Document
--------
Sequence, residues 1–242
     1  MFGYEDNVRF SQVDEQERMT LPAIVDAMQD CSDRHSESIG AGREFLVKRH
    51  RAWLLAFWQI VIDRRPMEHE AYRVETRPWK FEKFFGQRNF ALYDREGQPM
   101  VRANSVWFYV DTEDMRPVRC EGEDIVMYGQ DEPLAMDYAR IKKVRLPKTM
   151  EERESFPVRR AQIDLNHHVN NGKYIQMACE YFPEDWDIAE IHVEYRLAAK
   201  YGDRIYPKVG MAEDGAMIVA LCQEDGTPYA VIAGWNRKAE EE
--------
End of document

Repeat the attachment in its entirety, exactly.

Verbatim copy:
Sequence, residues 1–242
     1  MFGYEDNVRF SQVDEQERMT LPAIVDAMQD CSDRHSESIG AGREFLVKRH
    51  RAWLLAFWQI VIDRRPMEHE AYRVETRPWK FEKFFGQRNF ALYDREGQPM
   101  VRANSVWFYV DTEDMRPVRC EGEDIVMYGQ DEPLAMDYAR IKKVRLPKTM
   151  EERESFPVRR AQIDLNHHVN NGKYIQMACE YFPEDWDIAE IHVEYRLAAK
   201  YGDRIYPKVG MAEDGAMIVA LCQEDGTPYA VIAGWNRKAE EE